History of ResearchMain article: Evolutionary linguistics
Late 18th to early 19th century European scholarship assumed that the languages of the world reflected various stages in the development from primitive to advanced speech, culminating in the Indo-European languages, seen as the most advanced.
Modern linguistics does not begin until the late 18th century, and the Romantic or animist theses of Johann Gottfried Herder and Johann Christoph Adelung remained influential well into the 19th century. The question of language origins seemed inaccessible to methodical approaches, and in 1866 the Linguistic Society of Paris famously banned all discussion of the origin of language, deeming it to be an unanswerable problem. An increasingly systematic approach to historical linguistics developed in the course of the 19th century, reaching its culmination in the Neogrammarian school of Karl Brugmann and others.
However, scholarly interest in the question of the origin of language has only gradually been rekindled from the 1950s on (and then controversially) with ideas such as universal grammar, mass comparison and glottochronology.
The "origin of language" as a subject in its own right emerged out of studies in neurolinguistics, psycholinguistics and human evolution. The Linguistic Bibliography introduced "Origin of language" as a separate heading in 1988, as a sub-topic of psycholinguistics. Dedicated research institutes of evolutionary linguistics are a recent phenomenon, emerging only in the 1990s.
Other articles related to "history of, history of research, research, history":
... The history of computing is longer than the history of computing hardware and modern computing technology and includes the history of methods ...
... From 1874 to 1876, Jósef Tomasz Rostafinski, a pupil of De Barys, published the first extensive monography of the group ... Three monographs by Arthur Lister and Guilielma Lister were published in 1894, 1911 and 1925 ...
... The breakup of Al-Andalus into the competing taifa kingdoms helped the long embattled Iberian Christian kingdoms gain the initiative ... The capture of the strategically central city of Toledo in 1085 marked a significant shift in the balance of power in favour of the Christian kingdoms ...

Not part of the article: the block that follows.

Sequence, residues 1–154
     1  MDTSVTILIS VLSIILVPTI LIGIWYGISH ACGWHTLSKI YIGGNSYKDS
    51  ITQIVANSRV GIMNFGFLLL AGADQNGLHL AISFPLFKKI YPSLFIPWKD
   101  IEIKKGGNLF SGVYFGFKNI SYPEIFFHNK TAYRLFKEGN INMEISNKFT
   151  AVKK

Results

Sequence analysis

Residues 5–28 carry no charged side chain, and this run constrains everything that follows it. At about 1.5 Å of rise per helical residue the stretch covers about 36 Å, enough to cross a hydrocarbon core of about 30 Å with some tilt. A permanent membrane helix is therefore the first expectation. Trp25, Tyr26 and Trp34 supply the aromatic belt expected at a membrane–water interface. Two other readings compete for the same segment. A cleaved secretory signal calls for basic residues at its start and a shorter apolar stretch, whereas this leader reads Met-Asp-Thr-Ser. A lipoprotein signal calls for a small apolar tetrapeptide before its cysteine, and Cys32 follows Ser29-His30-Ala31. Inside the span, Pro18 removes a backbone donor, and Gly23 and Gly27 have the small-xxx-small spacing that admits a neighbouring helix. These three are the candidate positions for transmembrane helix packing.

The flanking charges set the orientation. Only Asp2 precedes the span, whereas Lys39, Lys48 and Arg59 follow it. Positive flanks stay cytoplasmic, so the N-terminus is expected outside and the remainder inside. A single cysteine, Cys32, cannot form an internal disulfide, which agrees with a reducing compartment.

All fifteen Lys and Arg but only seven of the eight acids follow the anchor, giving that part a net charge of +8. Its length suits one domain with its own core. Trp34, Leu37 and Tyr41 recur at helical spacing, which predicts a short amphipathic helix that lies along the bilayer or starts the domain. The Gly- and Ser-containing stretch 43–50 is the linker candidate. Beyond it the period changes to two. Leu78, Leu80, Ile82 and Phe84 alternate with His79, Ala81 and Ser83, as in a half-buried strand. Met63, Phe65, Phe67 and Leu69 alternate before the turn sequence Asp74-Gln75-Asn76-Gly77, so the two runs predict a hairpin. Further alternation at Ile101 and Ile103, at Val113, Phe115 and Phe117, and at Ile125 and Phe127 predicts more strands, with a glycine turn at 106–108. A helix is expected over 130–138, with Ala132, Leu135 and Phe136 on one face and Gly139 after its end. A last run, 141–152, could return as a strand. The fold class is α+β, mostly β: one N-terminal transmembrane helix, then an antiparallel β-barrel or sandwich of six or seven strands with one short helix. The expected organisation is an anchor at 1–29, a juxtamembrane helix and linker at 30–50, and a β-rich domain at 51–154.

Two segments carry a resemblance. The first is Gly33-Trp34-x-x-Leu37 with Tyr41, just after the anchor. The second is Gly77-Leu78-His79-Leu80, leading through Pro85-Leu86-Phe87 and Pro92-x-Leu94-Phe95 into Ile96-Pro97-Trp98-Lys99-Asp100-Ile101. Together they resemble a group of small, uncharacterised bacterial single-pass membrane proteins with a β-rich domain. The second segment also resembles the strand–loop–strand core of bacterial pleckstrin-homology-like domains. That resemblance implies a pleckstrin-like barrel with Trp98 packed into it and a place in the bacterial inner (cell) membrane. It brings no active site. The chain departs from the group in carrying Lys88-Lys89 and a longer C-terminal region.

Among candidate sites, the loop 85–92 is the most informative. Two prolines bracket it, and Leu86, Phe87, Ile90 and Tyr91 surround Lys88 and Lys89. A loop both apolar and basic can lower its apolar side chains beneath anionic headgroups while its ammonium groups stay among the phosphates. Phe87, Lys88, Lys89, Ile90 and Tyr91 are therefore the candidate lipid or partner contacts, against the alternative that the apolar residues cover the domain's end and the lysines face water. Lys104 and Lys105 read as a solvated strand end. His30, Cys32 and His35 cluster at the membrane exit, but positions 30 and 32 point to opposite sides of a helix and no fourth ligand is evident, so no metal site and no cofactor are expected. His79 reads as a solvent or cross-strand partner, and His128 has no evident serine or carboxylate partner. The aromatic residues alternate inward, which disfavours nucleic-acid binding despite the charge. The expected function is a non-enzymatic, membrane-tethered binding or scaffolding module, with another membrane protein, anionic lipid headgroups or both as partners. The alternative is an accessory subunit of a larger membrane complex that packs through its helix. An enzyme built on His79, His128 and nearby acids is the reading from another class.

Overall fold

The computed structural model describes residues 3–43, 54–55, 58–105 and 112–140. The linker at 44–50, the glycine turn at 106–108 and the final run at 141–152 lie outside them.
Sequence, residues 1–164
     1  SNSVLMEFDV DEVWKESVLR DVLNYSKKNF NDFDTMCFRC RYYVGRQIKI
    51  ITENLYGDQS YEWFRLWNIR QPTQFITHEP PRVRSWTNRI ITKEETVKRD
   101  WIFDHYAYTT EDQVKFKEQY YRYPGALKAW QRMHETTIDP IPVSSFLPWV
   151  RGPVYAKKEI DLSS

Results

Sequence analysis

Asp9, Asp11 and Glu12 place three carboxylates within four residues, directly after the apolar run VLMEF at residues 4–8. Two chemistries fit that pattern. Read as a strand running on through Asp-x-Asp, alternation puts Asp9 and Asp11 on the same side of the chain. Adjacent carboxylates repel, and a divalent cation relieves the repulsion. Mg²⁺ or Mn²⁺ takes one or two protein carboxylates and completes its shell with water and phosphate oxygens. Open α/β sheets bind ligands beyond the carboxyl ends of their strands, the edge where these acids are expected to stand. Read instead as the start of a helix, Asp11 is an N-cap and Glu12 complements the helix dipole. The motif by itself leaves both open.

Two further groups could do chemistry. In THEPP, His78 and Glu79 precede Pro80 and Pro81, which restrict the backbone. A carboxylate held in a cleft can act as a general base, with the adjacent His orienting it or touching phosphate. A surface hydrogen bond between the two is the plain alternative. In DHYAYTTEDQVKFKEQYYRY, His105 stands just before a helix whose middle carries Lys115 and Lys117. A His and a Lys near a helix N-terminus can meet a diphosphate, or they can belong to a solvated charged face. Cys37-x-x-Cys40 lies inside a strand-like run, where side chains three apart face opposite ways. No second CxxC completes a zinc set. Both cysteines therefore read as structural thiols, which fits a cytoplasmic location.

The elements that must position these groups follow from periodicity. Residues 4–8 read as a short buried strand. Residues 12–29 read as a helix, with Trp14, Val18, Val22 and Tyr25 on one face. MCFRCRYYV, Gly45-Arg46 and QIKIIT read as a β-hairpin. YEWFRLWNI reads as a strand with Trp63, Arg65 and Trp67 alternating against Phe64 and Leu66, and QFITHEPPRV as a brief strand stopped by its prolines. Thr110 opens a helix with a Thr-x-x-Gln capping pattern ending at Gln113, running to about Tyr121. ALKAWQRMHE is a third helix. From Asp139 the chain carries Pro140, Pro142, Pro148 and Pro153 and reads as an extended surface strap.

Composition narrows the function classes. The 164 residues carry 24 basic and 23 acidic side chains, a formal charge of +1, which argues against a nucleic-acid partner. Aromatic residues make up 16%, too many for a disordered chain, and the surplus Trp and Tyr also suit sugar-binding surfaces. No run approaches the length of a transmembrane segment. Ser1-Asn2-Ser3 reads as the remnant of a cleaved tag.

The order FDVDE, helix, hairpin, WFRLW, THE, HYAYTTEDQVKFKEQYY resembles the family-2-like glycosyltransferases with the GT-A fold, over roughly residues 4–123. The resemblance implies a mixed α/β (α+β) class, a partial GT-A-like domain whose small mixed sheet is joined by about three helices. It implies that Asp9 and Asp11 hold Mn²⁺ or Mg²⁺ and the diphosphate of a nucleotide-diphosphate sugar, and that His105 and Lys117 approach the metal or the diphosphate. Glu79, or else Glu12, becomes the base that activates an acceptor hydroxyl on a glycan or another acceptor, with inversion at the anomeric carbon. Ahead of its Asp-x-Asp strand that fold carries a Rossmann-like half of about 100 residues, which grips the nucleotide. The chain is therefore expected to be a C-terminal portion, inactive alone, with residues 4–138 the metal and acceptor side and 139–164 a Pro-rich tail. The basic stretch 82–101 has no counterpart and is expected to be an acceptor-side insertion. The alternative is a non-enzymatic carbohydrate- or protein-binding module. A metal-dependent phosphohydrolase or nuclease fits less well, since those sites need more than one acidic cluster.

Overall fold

... Further research was undertaken by the archaeologist Zacharie Le Rouzic who began restoration work around 1930 ...
... believed that gambling in some form or another has been seen in almost every society in history ... Greeks and Romans to Napoleon's France and Elizabethan England, much of history is filled with stories of entertainment based on games of chance ... In American history, early gambling establishments were known as saloons ...
Famous quotes containing the words history of, research and/or history:
“What is most interesting and valuable in it, however, is not the materials for the history of Pontiac, or Braddock, or the Northwest, which it furnishes; not the annals of the country, but the natural facts, or perennials, which are ever without date. When out of history the truth shall be extracted, it will have shed its dates like withered leaves.”
—Henry David Thoreau (18171862)
“It is a good morning exercise for a research scientist to discard a pet hypothesis every day before breakfast. It keeps him young.”
—Konrad Lorenz (19031989)
“The history of the genesis or the old mythology repeats itself in the experience of every child. He too is a demon or god thrown into a particular chaos, where he strives ever to lead things from disorder into order.”
—Ralph Waldo Emerson (18031882)